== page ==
School of Economics | Calculating the Coefficient of Elasticity of Substitution
post-template-default,single,single-post,postid-6827,single-format-standard,ajax_fade,page_not_loaded,,qode-title-hidden,qode_grid_1300,qode-content-sidebar-responsive,qode-theme-ver-11.1,qode-theme-bridge,wpb-js-composer js-comp-ver-5.1.1,vc_responsive

Calculating the Coefficient of Elasticity of Substitution

Article Shared by 

In this article we will discuss about the elasticity of substitution in a firm.

Let us suppose that the firm’s production function is

Q = f(L, K)                                   [(8.122)]

The convexity property of the isoquants (IQs) expresses the principle of diminishing marginal rate of technical substitution (MRTS) of L for K as the substitution of L for K proceeds. The MRTS of L for K (= r, say) is defined as the quantity used of K that the firm may forego if it uses an additional unit of L, to produce the same level of output.

Principle of diminishing r underlines the fact that as substitution of L for K proceeds, resulting in a fall in the K/L ratio, the substitution becomes more and more difficult. Now, the rate at which this difficulty increases, i.e., r diminishes, in response to substitution of L for K, or, a fall in ratio, represents the elasticity of substitution of L for K.

If the difficulty in substitution increases faster, i.e., r diminishes faster, in response to a fall in K/L ratio, we would say that elasticity of substitution of L for K is smaller. In other words, if the proportionate fall in r is larger in response to a fall in ratio, elasticity of substitution would be smaller, i.e., elasticity of substitution varies inversely as the ratio of the proportionate fall in K/L to the proportionate fall in K/L ratio.

Therefore, the coefficient of elasticity of substitution (σ) may be taken to be the

We may simplify the value of σ as given by (8.137) or (8.137a) in the following way

Again, since r is a function of L and K, [r = r (L,K)],we have

Also, the slope the IQ at the point concerned is given by

Therefore, from (8.138) and (8.140), we have

Also, from (8.139) and (8.140), we have

Now, putting the value from (8.141) and (8.142) in (8.137) or (8.137a) we have

(8.143) gives us the simplified and workable form of the expression for σ.

Another Expression for σ:


Elasticity of Substitution and the Relative Factor Shares:

If the production function of a firm be Q = f (K, L) then the formula for the elasticity of substitution (σ) is given as

Now, at the point of cost-minimising equilibrium subject to an output constraint, we have

Where w and r are the point of the inputs. Therefore, at this point of equilibrium, the formula for σ becomes

We may now derive the relation between σ and the relative factor shares. The relative share of labour in output, i.e., the total payment to labour divided by the total value of output is wL/pQ.

Similarly, the relative share of capital is rK/pQ. Therefore, the ratio of the relative shares of labour and capital is wL/rK.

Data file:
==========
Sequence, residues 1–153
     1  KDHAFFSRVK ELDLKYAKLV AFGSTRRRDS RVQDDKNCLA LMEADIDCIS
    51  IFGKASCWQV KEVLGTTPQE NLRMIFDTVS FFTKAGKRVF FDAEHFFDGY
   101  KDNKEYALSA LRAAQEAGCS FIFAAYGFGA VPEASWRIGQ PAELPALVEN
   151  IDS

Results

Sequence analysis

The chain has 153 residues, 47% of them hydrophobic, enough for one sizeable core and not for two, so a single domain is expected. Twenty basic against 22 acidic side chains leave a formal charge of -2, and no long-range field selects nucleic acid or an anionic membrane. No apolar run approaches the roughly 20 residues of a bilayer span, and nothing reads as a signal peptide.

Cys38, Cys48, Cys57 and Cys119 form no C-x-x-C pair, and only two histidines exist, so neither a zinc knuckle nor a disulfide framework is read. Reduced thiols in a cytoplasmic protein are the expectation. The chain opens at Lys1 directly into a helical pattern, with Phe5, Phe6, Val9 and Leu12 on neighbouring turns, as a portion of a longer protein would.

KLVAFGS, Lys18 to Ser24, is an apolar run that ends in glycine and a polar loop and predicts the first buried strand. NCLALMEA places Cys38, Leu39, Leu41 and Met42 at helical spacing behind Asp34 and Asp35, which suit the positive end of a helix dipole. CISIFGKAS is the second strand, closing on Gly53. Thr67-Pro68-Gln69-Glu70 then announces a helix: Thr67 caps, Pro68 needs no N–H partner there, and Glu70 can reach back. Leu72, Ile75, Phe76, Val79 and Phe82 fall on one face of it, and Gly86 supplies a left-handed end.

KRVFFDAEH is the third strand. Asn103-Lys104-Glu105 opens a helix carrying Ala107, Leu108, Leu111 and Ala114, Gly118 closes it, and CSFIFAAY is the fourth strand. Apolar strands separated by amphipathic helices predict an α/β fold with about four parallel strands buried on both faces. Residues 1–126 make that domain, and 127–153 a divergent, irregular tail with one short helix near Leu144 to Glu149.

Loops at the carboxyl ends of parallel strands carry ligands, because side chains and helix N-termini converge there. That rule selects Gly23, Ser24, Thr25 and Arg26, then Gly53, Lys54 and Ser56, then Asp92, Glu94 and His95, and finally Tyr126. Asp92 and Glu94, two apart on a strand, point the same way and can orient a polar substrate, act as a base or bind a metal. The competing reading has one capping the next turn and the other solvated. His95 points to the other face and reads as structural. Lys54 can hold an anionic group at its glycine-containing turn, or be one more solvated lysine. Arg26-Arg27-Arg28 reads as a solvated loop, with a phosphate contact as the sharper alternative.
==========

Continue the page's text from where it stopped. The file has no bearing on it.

Let us refer to equation (8.139). Here if w/r increases, i.e., if the relative price of labour increases, this will lead to a substitution of capital for labour and, therefore, to a rise in K/L ratio. Now, if the percentage increase in the K/L ratio is smaller than the percentage increase in the w/r ratio, a would be less than one.

On the other hand, if p.c. increase in K/L is less than the p.c. increase in w/r, the relative share of labour, i.e., wL/rK will increase. What we have obtained then is that at σ < 1, wL/rK will increase if there is an increase in w/r.

Let us look briefly why this is obtained. We have assumed an increase in w/r. This may happen because, the supply of capital might have increased proportionately more than the supply of labour. As the relative price of labour rises, the firms would substitute capital for labour to the extent permitted by the production function.

Now if the production function indicates relatively inelastic substitutability of capital for labour, the firms cannot substitute capital for labour in the same proportion as the wage rate has risen relative to the rent of capital. Thus, the relative share of labour must rise.

With the help of the same sort of reasoning, we would be able to establish that at σ > 1, wL/rK will decrease if there is an increase in y, and at o = 1, will remain unchanged as y rises.

We may conclude then that in a two-factor production function, if the relative price of one of the factors (L) increases, owing to an increase in the relative supply of the other factor (K), then the relative share of the factor (L) would increase, decrease, or remain unchanged if the elasticity of substitution (a) of the factor (L) for the other factor (K) is less than, greater than, or equal to unity.

Mathematical Derivation:

This proposition can be established mathematically in the following way. The relative share of labour is

No Comments

Post A Comment